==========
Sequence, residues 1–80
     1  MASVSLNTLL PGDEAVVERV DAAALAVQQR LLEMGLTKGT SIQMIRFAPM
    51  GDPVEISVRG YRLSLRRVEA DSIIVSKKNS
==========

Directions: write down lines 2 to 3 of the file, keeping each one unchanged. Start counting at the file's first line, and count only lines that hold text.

     1  MASVSLNTLL PGDEAVVERV DAAALAVQQR LLEMGLTKGT SIQMIRFAPM
    51  GDPVEISVRG YRLSLRRVEA DSIIVSKKNS